Now that Michael Sam has been cut from the Dallas Cowboys practice squad, here is how the landscape looks for openly gay players in the four major North American male team sports:
Major League Baseball: 0
NBA: 0 (Jason Collins is likely to retire).
If you stretch major sports to include Major League Soccer, you one more with Robbie Rogers of the L.A. Galaxy. There are zero in men's tennis, golf or auto racing, none in major college football and only Derrick Gordon in Division 1 men's basketball. That's a pretty meager total given all the attention to gay athletes in the last few years. I am focusing on gay male athletes since -- like it or not -- they garner outsized attention for coming out versus women.
With Sam being cut halfway through the NFL season and without ever stepping on the field during a regular season game, I think it will be a while before we see another player come out publicly. There just isn't much upside and the perception will linger that by being out, Sam hurt his draft status and chance of landing on a team.
That perception is hard to shake:
Sam was the SEC co-defensive player of the year in 2013. Yet he was drafted in the seventh round, 249 out of 256 players selected. That's three rounds and 124 players later than what bookies set his draft order at. It's also by far the lowest any SEC defensive player of the year had been drafted in at least a decade.
Something smelled here. From the moment Sam came out publicly Feb. 9, there were anonymous quotes from NFL personnel people about how his sexuality and the attendant publicity would factor into team's drafting him. Since he was not considered a first- or second-round talent, the thinking went, why take on any "distractions"? Lasting until seven slots before the draft ended was way lower than the majority of mock drafts had predicted.
With the draft winding down, I have always suspected that the league made calls to St. Louis to encourage/cajole/plead with the Rams to take Sam. The Rams had extra draft picks, so they could afford to add Sam, even if defensive line was a strength. He played in college in their home state and would be a popular and familiar choice. Sam not being drafted would have been a huge embarrassment to the league and set back its efforts to appear more inclusive of gays. The Rams saved their collective behinds of the other 31 teams by drafting him and then doing a great job of integrating him onto the team.
During preseason, Sam was tied for third in the league with three sacks and was rated a solid 45th among all defensive ends playing in a 4-3 defense by the statistics site Pro Football Focus. He was the last player cut by the Rams, which made football sense at the time, given how strong their defensive line was. But things got fishy when it took two days for Sam to wind up with another team. He was the only one of 11 players with 2.5 or more sacks in the preseason to not have been kept by their team or picked up immediately by another team. This did not make a lot of sense in a league where pass rushers are at a premium.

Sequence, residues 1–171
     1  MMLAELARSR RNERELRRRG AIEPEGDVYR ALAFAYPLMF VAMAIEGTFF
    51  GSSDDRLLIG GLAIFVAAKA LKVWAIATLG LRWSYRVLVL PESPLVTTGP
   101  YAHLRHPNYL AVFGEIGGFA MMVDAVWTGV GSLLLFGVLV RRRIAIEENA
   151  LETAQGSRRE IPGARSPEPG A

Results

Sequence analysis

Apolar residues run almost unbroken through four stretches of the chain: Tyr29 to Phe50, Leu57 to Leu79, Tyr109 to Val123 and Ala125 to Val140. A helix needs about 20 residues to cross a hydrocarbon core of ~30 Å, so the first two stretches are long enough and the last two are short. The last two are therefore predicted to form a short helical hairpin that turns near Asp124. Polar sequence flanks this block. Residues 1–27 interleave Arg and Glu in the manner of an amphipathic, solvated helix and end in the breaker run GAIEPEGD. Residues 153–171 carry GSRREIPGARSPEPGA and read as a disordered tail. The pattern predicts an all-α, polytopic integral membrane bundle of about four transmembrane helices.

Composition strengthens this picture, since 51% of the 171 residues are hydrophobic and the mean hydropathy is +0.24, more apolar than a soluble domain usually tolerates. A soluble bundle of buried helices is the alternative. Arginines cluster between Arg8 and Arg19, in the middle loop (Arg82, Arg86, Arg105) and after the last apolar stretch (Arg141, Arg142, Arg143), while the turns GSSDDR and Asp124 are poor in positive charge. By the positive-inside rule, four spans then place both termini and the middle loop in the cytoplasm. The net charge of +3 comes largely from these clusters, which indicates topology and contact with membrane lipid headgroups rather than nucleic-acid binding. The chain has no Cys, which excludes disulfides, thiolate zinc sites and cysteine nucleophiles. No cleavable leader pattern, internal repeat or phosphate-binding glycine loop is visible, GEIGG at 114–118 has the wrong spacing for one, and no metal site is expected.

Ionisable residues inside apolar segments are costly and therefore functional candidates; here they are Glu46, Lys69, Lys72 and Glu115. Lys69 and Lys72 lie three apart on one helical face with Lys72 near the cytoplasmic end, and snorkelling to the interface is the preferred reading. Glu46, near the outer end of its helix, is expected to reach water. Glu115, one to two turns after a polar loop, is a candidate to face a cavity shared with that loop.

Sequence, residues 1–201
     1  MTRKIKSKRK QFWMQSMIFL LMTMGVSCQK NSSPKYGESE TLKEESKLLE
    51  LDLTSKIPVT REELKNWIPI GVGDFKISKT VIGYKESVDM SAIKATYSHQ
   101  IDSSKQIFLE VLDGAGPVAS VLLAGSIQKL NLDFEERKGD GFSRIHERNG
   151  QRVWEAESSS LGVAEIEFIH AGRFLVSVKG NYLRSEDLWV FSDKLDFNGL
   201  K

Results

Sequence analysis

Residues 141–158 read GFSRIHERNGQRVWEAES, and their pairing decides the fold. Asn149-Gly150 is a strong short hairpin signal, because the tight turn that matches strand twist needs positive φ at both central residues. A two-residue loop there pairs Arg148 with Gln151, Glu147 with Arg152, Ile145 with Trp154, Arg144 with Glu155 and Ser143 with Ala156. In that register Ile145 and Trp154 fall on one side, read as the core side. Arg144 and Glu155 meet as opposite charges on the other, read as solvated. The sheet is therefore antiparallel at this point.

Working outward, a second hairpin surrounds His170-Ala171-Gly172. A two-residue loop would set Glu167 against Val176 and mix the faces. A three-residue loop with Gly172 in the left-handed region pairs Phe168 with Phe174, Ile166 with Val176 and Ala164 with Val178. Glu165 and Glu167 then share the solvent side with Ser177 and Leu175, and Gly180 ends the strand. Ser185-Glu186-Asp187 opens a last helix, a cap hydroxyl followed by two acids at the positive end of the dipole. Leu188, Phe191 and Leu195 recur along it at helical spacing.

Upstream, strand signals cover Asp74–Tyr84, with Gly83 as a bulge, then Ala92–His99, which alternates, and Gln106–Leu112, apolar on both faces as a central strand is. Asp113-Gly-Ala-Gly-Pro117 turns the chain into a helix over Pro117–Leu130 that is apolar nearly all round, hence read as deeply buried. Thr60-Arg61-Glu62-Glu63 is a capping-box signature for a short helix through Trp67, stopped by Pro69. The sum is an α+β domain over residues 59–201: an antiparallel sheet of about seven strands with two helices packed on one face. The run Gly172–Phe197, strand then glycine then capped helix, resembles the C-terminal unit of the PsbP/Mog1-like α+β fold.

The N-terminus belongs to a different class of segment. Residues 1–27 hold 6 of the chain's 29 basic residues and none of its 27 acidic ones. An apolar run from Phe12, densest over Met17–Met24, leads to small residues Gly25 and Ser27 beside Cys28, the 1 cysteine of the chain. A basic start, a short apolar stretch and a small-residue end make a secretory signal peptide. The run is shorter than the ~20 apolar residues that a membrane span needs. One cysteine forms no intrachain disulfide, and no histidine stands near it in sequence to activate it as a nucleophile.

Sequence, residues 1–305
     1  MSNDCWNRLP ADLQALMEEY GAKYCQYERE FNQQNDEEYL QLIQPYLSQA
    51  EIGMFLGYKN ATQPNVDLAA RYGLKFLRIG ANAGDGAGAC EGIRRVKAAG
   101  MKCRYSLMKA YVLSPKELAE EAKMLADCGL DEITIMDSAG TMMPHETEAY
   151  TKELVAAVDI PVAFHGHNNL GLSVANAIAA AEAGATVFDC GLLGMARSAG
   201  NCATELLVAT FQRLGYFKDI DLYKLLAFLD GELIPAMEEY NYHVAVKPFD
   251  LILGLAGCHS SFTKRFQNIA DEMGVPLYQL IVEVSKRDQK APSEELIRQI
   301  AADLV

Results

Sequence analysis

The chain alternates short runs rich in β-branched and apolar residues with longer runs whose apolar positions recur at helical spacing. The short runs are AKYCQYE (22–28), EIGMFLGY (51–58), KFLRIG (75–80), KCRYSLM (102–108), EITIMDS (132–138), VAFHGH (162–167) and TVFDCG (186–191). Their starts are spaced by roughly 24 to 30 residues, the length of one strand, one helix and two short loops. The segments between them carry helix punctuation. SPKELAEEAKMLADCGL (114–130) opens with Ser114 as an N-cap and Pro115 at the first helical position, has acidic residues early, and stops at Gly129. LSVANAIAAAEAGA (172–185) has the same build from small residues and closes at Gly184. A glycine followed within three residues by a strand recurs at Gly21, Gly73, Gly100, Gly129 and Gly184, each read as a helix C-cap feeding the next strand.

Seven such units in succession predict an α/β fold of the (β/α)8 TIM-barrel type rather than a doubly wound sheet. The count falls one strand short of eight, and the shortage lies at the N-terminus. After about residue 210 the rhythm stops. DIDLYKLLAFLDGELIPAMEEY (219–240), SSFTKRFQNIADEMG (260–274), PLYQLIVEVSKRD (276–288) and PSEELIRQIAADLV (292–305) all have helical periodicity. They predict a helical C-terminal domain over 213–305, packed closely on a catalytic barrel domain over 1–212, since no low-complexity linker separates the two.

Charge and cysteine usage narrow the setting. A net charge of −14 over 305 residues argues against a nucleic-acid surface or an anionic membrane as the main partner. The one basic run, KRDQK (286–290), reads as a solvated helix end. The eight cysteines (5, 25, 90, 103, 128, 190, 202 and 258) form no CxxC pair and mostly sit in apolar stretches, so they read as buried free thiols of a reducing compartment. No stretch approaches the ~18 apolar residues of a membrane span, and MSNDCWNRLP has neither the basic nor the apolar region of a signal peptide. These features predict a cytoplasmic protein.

Sam was finally picked up by the Dallas Cowboys for their practice squad and even that came with some intrigue. "The Rams waived Michael Sam, the first openly gay player trying to make an NFL roster, he was unemployed for two days," Peter King of MMQB.com and NBC said on opening night. "During that time a league official contacted multiple teams asking if they had evaluated Sam as a probable practice squad player. Now Sam and the NFL avoided a nightmare situation when he signed with the practice squad of the Dallas Cowboys." While the league denied this, it made perfect sense to me and added to the perception that teams were resistant to take Sam.
Any gay player contemplating coming out will need to answer this theoretical -- if Michael Sam had not publicly come out as gay, would he be in the NFL? We'll never know for sure, though there is enough evidence to suggest that would be the case. An established player with no fear of getting cut would be in the best position to come out, but this is the kind of player who will think long and hard about how this benefits him. Does he want what will be intense media attention, at least for a short while? Does he want "gay" pinned to descriptions of him in the media? Is he out to family and close friends and maybe some trusted teammates, so he has no need to take the next step and tell the world? This latter example was the case with Sam at the University of Missouri and he thrived. He was out to those who mattered and was in a comfort zone.
I met Sam only once and can't pretend to know whether he has any regrets. I suspect not. He has been a role model for LGBT people everywhere, athletes or not. Him kissing his boyfriend on live TV during the NFL Draft was a historic cultural moment that will long outlive his athletic career. And he did make it through an NFL training camp and on a practice squad and the sport did not collapse. He proved he belonged.
His NFL career is not yet over. Many players have been cut only to find themselves on a team later that season or in the next training camp and Sam said he will "continue to fight for an opportunity to prove I can play every Sunday." But for now the NFL has no openly gay players and I don't see that changing any time soon.